Looming Nationwide Railroad Strike Threatens Food Supply Chain as Union and Carriers Negotiations Stall

Bakers warn of 'devastating ripple effect' from even a temporary interruption
By Allan Stein
Allan Stein
Allan Stein
Allan Stein is an Epoch Times reporter who covers the state of Arizona.
September 13, 2022 Updated: September 13, 2022

The American Bakers Association (ABA) is warning of potentially severe consequences for the nation’s supply chain should thousands of union rail workers go on strike next week following stalled labor negotiations.

“Even a temporary interruption would create a devastating ripple effect,” Lee Sanders, the ABA’s senior vice president of government relations and public affairs, said in a statement to The Epoch Times.

“Rail-dependent facilities would be unable to receive materials and ingredients, and millions of Americans a day would be unable to receive the baked goods they rely on to feed themselves, their families, and communities,” he added.

Sanders said the ABA is “very concerned” about a potential rail system stoppage and the pressure it would bring to the nation’s fragile supply chain. Between 15 and 20 percent of all bakery ingredients in the United States are products transported by rail.

Epoch Times Photo
A Union Pacific rail car is parked at a Burlington National Santa Fe (BNSF) train yard in Seattle, Washington, U.S., Feb. 10, 2017. (Chris Helgren/Reuters)

“Reliable rail freight transportation is critical now, more than ever, as we continue to grapple with some of the most severely impactful events in our nation’s history,” Sanders said.

As of Sept. 13, two of the nation’s largest rail unions—the Brotherhood of Locomotive Engineers and Trainmen (BLET) and SMART Transportation Division—remained at an impasse with six major rail carriers over ratifying a new contract.

Some 90,000 union rail workers would be allowed to strike as early as Sept. 16, when a federally mandated “cooling off” period expires.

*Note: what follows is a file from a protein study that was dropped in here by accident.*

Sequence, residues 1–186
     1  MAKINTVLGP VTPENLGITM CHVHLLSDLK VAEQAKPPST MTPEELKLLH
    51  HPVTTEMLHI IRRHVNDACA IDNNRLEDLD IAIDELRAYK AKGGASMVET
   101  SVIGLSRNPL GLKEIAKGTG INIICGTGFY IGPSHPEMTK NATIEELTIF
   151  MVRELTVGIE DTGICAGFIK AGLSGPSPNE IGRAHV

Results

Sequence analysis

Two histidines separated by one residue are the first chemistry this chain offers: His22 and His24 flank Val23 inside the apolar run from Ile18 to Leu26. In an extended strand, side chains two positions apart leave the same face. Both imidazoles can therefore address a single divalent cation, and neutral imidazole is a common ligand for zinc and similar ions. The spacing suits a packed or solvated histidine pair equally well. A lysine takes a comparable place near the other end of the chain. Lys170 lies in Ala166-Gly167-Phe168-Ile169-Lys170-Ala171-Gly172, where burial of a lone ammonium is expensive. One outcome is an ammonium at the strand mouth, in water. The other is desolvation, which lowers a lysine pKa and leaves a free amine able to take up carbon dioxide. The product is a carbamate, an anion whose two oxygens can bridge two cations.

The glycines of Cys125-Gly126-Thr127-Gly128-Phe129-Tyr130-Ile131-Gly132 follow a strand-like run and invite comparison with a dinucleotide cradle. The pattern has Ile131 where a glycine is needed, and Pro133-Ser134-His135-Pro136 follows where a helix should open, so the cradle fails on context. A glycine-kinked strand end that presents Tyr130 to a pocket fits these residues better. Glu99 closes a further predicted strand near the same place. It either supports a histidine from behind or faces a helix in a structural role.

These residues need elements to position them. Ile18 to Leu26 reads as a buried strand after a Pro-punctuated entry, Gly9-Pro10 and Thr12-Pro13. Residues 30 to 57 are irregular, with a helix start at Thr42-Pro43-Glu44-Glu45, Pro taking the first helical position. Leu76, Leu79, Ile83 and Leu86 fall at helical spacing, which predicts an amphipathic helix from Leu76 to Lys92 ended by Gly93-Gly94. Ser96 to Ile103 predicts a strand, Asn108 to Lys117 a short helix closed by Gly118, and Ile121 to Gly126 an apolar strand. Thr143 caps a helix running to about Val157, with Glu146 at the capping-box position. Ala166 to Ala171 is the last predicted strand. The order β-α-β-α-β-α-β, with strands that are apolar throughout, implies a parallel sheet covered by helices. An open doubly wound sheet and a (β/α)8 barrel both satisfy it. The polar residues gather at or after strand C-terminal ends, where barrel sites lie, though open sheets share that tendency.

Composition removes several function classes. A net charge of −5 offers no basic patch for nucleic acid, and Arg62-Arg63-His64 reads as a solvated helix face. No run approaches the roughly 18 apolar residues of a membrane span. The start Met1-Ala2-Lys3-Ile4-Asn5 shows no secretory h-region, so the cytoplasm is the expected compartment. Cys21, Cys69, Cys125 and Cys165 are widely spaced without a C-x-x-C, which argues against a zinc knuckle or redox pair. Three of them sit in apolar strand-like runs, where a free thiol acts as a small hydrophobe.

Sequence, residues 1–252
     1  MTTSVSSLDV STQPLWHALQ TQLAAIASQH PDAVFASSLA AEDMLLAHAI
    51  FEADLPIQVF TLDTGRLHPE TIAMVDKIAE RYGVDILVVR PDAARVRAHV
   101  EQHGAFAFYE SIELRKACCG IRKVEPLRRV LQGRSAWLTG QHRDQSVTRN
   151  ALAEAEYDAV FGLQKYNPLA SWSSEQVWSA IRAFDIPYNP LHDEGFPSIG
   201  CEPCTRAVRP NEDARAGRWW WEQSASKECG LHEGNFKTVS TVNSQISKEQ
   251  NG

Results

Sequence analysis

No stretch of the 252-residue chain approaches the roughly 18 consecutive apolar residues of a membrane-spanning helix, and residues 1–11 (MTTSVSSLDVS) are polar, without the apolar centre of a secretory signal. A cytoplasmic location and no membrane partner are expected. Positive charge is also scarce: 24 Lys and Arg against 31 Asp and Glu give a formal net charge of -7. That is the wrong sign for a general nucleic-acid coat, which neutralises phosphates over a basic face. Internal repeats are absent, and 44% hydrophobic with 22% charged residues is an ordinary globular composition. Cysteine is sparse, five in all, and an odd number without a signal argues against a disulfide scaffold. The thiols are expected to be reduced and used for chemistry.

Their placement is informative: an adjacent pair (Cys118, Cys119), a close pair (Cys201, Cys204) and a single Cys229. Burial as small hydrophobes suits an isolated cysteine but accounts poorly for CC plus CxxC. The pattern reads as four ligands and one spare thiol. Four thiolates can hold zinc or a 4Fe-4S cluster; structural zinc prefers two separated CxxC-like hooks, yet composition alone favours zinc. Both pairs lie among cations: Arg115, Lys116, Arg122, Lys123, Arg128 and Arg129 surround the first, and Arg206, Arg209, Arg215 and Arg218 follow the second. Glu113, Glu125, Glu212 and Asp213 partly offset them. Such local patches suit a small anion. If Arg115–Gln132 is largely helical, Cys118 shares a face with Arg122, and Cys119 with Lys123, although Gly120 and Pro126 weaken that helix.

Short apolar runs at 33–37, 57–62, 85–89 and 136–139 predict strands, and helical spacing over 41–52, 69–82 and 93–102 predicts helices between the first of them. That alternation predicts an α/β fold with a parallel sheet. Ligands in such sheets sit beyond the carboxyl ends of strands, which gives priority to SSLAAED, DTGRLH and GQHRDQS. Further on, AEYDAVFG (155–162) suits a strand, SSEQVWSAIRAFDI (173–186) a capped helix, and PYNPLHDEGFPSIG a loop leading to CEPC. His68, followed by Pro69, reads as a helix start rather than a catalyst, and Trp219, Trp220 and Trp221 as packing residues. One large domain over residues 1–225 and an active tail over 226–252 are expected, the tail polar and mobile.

Embargoes Announced

The Association of American Railroads (AAR) announced that the six Class I freight railroads engaged in national bargaining would begin to take steps to secure materials considered hazardous and “security-sensitive” ahead of the Sept. 16 deadline.

“Railroads are taking all measures necessary to handle sensitive cargo [under] federal regulations to ensure that no such cargo is left on an unattended or unsecured train in the event of a work stoppage due to an impasse in labor negotiations,” the AAR said in a statement.

Additionally, other freight customers may experience delayed or suspended service over the next week as the railroads “prepare for the possibility that current labor negotiations do not result in a resolution” and reduce operations for safety and security.

As a precaution, Union Pacific Railroad said it began securing hazardous and security-sensitive materials on Sept. 12.

Biden at Amtrak's 50th anniversary
President Joe Biden delivers remarks at an event marking Amtrak’s 50th anniversary at the William H. Gray III 30th Street Station in Philadelphia, Pa., on April 30, 2021. (Olivier Douliery/AFP via Getty Images)